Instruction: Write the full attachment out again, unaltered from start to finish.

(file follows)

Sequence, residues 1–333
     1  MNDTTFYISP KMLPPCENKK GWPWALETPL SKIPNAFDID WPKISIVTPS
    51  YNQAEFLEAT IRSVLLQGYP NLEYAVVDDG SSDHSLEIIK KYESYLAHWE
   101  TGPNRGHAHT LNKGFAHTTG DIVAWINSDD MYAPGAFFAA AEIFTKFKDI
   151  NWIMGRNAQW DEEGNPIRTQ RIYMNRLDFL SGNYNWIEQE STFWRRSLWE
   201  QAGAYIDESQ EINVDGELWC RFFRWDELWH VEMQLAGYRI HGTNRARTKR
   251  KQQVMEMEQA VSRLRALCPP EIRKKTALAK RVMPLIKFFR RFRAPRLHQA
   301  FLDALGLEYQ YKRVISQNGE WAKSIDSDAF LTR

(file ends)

Sequence, residues 1–333
     1  MNDTTFYISP KMLPPCENKK GWPWALETPL SKIPNAFDID WPKISIVTPS
    51  YNQAEFLEAT IRSVLLQGYP NLEYAVVDDG SSDHSLEIIK KYESYLAHWE
   101  TGPNRGHAHT LNKGFAHTTG DIVAWINSDD MYAPGAFFAA AEIFTKFKDI
   151  NWIMGRNAQW DEEGNPIRTQ RIYMNRLDFL SGNYNWIEQE STFWRRSLWE
   201  QAGAYIDESQ EINVDGELWC RFFRWDELWH VEMQLAGYRI HGTNRARTKR
   251  KQQVMEMEQA VSRLRALCPP EIRKKTALAK RVMPLIKFFR RFRAPRLHQA
   301  FLDALGLEYQ YKRVISQNGE WAKSIDSDAF LTR